At the edge of the Russian wilderness, winter lasts most of the year and the snowdrifts grow taller than houses. But Vasya doesn't mind - she spends the winter nights huddled around the embers of a fire with her beloved siblings, listening to her nurse's fairy tales. Above all, she loves the chilling story of Frost, the blue-eyed winter demon, who appears in the frigid night to claim unwary souls. Wise Russians fear him, her nurse says, and honour the spirits of house and yard and forest that protect their homes from evil.  After Vasya's mother dies, her father goes to Moscow and brings home a new wife. Fiercely devout, city-bred, Vasya's new stepmother forbids her family from honouring the household spirits. The family acquiesces, but Vasya is frightened, sensing that more hinges upon their rituals than anyone knows.  And indeed, crops begin to fail, evil creatures of the forest creep nearer, and misfortune stalks the village. All the while, Vasya's stepmother grows ever harsher in her determination to groom her rebellious stepdaughter for either marriage or confinement in a convent.  As danger circles, Vasya must defy even the people she loves and call on dangerous gifts she has long concealed - this in order to protect her family from a threat that seems to have stepped from her nurse's most frightening tales.

As someone who enjoys fairy tales and folklore, this just sounds right up my street.  I've never read anything based on Russian folklore before but I love hearing stories from different cultures, and this sounds like perfect escapism.  Most of my best loved books have some element of fantasy and magic about them and I'm expecting a big serving of that from The Bear and the Nightingale.  It promises a vivid setting and a strong heroine too, which is always a plus.  I love that there are authors out there writing fairy tales for adults - I'll still happily read kid lit and middle grade to get my fix, but it's nice to be part of the target audience for this genre too.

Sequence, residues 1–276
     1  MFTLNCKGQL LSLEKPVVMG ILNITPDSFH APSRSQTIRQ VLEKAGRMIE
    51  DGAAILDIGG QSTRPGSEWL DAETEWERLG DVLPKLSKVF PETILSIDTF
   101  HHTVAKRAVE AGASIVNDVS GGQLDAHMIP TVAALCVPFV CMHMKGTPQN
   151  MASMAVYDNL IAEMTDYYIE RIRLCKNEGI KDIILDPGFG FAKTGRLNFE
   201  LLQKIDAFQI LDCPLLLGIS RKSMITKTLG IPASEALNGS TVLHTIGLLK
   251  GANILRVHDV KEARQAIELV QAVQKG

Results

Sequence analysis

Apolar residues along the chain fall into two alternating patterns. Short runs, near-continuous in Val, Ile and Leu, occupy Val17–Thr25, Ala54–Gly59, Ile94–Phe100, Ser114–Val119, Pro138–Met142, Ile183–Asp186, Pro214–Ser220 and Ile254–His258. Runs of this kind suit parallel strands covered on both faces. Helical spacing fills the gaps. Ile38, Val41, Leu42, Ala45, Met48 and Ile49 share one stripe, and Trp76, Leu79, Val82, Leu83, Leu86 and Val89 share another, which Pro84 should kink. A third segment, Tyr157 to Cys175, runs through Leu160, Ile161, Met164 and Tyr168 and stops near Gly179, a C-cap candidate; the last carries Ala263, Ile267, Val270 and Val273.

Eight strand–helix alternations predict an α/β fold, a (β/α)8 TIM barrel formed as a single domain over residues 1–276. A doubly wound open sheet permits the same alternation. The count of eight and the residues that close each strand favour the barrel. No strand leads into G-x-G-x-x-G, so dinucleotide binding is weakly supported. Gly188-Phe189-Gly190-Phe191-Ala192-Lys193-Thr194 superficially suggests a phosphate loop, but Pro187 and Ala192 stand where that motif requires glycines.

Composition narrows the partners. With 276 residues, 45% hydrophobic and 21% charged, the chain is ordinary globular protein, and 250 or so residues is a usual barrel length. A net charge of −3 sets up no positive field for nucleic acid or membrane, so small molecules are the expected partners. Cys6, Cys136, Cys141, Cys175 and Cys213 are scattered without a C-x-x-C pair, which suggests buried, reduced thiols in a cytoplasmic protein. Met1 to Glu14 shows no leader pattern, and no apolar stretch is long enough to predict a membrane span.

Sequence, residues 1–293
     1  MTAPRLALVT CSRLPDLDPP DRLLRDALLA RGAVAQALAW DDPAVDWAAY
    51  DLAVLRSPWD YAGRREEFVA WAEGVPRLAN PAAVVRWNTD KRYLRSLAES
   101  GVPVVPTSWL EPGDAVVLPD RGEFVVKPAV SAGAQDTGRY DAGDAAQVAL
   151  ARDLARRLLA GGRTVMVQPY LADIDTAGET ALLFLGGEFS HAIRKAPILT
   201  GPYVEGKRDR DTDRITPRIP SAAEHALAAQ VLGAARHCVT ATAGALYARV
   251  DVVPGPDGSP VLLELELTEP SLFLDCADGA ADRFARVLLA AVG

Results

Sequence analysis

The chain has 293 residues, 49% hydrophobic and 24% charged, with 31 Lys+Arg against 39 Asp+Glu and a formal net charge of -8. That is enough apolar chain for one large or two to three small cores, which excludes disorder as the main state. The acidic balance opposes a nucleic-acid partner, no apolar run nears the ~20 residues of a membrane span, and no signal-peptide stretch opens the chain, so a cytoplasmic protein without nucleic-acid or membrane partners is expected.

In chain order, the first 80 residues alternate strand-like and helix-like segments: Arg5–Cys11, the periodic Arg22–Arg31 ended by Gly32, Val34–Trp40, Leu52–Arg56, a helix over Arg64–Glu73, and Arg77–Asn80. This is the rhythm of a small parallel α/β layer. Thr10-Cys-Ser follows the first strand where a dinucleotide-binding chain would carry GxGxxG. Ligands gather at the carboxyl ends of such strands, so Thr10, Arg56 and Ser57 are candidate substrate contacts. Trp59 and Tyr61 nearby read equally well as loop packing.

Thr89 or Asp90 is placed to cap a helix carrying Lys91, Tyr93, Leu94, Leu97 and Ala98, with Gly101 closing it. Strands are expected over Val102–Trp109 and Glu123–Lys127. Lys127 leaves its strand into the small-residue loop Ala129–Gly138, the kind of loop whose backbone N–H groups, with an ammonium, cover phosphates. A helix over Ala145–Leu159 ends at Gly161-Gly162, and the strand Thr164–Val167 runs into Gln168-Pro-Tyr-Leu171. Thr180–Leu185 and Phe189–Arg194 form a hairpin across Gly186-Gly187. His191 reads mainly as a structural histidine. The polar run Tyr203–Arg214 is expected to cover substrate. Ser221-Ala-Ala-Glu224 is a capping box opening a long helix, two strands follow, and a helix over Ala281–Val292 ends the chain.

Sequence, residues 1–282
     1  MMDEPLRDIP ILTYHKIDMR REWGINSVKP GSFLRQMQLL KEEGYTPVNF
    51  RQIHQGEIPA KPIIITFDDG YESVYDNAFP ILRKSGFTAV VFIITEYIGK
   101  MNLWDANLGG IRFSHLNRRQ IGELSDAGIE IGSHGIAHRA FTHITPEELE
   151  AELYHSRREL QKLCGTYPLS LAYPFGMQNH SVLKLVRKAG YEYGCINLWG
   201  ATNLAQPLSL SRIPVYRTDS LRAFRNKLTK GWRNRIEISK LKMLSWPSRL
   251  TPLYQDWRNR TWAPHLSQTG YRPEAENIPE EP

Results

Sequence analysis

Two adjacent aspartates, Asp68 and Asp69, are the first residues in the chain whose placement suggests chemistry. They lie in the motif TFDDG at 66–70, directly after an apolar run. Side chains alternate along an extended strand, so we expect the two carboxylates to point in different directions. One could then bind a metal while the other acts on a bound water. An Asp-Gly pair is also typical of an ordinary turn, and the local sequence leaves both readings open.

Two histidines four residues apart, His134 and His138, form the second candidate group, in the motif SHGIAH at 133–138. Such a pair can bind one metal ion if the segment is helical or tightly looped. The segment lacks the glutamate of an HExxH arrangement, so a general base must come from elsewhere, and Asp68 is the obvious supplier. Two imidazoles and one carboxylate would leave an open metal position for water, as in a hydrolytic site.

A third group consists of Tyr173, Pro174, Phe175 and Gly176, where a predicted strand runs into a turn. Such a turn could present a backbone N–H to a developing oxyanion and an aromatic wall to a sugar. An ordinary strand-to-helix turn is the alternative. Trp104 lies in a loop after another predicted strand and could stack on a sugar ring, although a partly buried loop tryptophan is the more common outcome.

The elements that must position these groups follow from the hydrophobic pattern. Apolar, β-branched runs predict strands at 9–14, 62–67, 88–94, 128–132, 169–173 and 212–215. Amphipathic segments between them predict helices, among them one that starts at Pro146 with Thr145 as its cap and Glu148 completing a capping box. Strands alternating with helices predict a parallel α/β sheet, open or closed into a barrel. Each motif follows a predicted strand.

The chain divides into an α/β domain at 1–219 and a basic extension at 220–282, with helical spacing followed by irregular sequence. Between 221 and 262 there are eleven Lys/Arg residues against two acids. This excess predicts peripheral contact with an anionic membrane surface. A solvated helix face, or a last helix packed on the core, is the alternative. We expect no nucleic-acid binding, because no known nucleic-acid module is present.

Wednesday, 28 February 2018

What I read in February

February has whizzed past me in the blink of an eye! Here are some good things that happened this month:
  • I finished watching Gilmore Girls and I already miss it so much.  I haven't watched the revival yet because I thought it would be best to have some time in between... and also I'm afraid I won't like it as much.  I wish I lived in Stars Hollow.
  • Exploring Chester and Liverpool with my mum. It was a beautiful (but cold) weekend and I got to tick something off my bucket list - visiting Penny Lane!
  • A solo trip to the theatre to catch a matinee performance of Birdsong.  I enjoyed the show, it didn't quite live up to my expectations but they were very high as I loved the book so much.  It was a novel experience being at the theatre alone but sometimes it's nice to do your own thing, and it's something I think I'll do more if there are things on that Paul isn't bothered about.

I also read three books this month.

Anatomy of a Scandal by Sarah Vaughan

Anatomy of a Scandal 

I think there was a lot of hype around this one that it didn't quite live up to, for me. I hesitated over reviewing it on Goodreads but eventually settled on 3/5 stars.  It was easy to read but that struck me as almost a bad thing given the subject matter; it's centred around a politician accused of rape, his wife and the prosecution lawyer with alternate chapters from each point of view.  I felt it could have been much grittier than it was and some of the characters seemed under developed, especially the accused.  There were a lot of instances of him looking women up and down and the like which was obviously meant to show him for a mysogynist but it seemed a bit cliche to me.
The court scenes were interesting to read but actually take up quite a small amount of the book which differed from what I expected.  It had some interesting points to make about power and privilege in the context of abuse, but overall a bit underwhelming.

Speaking in Tongues: Curious Expressions From Around the World by Ella France Sanders